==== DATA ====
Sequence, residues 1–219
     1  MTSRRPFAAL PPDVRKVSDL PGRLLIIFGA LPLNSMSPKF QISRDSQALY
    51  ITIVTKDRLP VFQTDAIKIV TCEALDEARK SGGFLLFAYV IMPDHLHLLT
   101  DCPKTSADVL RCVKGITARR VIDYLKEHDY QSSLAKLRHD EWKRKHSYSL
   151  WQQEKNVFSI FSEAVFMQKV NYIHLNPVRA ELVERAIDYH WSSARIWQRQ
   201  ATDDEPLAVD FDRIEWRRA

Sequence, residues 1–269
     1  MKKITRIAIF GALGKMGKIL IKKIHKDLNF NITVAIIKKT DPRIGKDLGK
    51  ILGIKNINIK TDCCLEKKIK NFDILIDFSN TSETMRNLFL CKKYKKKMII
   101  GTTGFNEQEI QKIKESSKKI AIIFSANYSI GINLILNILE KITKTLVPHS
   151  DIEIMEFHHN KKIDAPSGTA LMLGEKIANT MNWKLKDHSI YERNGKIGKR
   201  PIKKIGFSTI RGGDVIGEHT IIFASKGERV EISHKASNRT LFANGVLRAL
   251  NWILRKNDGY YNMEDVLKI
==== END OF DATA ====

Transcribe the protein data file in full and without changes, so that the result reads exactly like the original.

Sequence, residues 1–219
     1  MTSRRPFAAL PPDVRKVSDL PGRLLIIFGA LPLNSMSPKF QISRDSQALY
    51  ITIVTKDRLP VFQTDAIKIV TCEALDEARK SGGFLLFAYV IMPDHLHLLT
   101  DCPKTSADVL RCVKGITARR VIDYLKEHDY QSSLAKLRHD EWKRKHSYSL
   151  WQQEKNVFSI FSEAVFMQKV NYIHLNPVRA ELVERAIDYH WSSARIWQRQ
   201  ATDDEPLAVD FDRIEWRRA

Sequence, residues 1–269
     1  MKKITRIAIF GALGKMGKIL IKKIHKDLNF NITVAIIKKT DPRIGKDLGK
    51  ILGIKNINIK TDCCLEKKIK NFDILIDFSN TSETMRNLFL CKKYKKKMII
   101  GTTGFNEQEI QKIKESSKKI AIIFSANYSI GINLILNILE KITKTLVPHS
   151  DIEIMEFHHN KKIDAPSGTA LMLGEKIANT MNWKLKDHSI YERNGKIGKR
   201  PIKKIGFSTI RGGDVIGEHT IIFASKGERV EISHKASNRT LFANGVLRAL
   251  NWILRKNDGY YNMEDVLKI